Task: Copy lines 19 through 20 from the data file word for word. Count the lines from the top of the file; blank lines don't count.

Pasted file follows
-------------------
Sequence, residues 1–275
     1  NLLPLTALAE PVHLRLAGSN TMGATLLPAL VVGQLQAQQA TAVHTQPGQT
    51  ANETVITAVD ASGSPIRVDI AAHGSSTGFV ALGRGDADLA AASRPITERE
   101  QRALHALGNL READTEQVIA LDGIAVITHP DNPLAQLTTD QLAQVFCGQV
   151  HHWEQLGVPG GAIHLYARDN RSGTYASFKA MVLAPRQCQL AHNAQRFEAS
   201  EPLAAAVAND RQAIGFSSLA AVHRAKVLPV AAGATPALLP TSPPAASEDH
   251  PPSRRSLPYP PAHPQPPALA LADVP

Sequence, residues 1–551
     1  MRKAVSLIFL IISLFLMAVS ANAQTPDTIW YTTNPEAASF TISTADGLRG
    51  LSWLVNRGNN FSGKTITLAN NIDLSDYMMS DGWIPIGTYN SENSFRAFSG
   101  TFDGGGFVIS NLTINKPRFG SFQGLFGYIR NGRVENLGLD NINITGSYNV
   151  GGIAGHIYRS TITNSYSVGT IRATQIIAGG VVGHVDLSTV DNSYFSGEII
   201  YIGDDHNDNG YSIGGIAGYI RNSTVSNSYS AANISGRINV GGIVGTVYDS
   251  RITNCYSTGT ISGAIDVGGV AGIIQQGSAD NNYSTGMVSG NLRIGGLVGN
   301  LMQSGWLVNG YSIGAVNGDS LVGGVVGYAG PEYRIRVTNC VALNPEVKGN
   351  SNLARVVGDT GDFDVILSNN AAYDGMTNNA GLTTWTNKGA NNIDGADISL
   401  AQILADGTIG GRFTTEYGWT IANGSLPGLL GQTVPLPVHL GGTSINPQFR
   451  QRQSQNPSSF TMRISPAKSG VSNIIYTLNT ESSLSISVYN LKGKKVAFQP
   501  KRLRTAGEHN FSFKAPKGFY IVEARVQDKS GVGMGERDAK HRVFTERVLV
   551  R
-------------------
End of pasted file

   501  KRLRTAGEHN FSFKAPKGFY IVEARVQDKS GVGMGERDAK HRVFTERVLV
   551  R